Image source: Levi's

Google and Levi’s connected jacket goes on sale this week

Google and Levi’s have unveiled the Levi’s Commuter Trucker Jacket, which goes on sale on Wednesday for $350.

Some two years in the making, the connected apparel is the first commercial product that uses the touch-sensitive fabric developed as part of Google’s Project Jacquard. First announced at Google’s I/O conference last year, the denim jacket was originally set to lauch this Spring but ran into delays.

Image source: Levi’s

A Bluetooth tag located on the cuff wirelessly connects the conductive yarns in the jacket’s cuff to your mobile device. Remove the tag, and the entire garment is washable and durable – just like regular denim.

Touching the tag in different ways allows you to send commands to your smartphone while on the go. For example, you can ask for directions, answer calls and control music playback, all with your phone safely tucked away. You also get notifications for incoming calls via haptic feedback and light.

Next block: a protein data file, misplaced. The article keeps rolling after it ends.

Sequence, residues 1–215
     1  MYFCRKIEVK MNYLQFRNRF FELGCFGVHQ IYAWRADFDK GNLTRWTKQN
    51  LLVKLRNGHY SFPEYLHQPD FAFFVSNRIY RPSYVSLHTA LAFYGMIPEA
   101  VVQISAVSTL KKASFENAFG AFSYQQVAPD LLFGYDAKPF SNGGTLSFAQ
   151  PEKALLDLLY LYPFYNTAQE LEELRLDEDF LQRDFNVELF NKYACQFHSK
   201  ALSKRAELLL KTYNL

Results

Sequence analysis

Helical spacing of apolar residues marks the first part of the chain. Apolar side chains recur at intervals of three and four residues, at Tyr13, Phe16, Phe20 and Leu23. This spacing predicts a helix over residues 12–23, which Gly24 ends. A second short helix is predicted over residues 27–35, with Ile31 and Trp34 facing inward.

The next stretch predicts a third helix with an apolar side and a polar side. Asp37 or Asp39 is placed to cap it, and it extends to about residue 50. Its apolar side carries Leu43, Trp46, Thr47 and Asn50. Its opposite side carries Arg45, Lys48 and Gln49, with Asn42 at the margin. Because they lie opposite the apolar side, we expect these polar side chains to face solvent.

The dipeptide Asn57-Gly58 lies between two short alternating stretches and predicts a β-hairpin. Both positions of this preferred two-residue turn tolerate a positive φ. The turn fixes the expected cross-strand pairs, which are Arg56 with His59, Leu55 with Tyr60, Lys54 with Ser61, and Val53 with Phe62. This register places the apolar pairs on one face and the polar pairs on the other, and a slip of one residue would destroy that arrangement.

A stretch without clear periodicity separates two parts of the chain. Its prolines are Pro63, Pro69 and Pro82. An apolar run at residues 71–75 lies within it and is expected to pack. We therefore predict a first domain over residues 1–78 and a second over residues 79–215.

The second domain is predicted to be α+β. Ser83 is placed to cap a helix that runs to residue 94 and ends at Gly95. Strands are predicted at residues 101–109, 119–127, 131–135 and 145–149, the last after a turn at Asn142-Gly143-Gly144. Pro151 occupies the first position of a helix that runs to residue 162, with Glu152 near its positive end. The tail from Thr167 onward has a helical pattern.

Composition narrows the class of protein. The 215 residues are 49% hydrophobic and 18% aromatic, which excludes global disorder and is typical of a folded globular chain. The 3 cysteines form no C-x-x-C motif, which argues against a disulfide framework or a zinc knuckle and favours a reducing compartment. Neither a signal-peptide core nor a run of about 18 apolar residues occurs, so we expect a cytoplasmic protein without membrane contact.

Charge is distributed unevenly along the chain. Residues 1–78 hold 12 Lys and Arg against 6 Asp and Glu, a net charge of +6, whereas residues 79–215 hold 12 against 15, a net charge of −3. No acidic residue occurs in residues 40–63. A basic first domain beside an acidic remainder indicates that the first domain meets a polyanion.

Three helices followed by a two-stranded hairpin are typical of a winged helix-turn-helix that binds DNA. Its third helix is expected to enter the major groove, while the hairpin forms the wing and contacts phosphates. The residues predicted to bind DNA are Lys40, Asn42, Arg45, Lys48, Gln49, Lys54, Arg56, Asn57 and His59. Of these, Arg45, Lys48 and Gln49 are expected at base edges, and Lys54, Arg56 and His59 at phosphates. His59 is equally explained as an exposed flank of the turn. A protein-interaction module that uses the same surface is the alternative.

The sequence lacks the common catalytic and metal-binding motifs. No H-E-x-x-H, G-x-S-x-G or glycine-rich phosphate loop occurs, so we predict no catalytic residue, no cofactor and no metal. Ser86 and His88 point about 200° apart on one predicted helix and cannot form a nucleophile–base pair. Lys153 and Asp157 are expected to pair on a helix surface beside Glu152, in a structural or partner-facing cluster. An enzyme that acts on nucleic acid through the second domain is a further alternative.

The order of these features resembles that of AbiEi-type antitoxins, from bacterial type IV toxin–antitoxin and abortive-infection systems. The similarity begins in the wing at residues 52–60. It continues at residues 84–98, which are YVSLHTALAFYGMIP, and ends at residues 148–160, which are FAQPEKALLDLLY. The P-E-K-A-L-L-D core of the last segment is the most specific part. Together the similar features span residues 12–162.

The gestures on the jacket cuff are fully re-configurable using the accompanying smartphone app. The plan is to expand functionality by eventually allowing third party developers access to the platform.

Image source: Levi’s

The whole thing is powered by a small rechargeable battery that clips onto the inside of sleeve. It has a life of around two days on a single charge.

“It was a long road but what’s really impressive, is the entire journey, we stayed true to our vision and what we wanted to achieve,” said Ivan Poupyrev, project lead for Project Jacquard at Google.

“This jacket is going to be sold as a piece of apparel, that was always the vision from the very beginning.”

At $350, the connected garment is a little pricey for the functionality it offers. But this project may be more about proving a concept than generating large sales.

To find out more or pre-order in men’s and women’s sizes, head over to Levi’s.

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Ivan Jovin

Ivan has been a tech journalist for over 7 years now, covering all kinds of technology issues. He is the guy who gets to dive deep into the latest wearable tech news.

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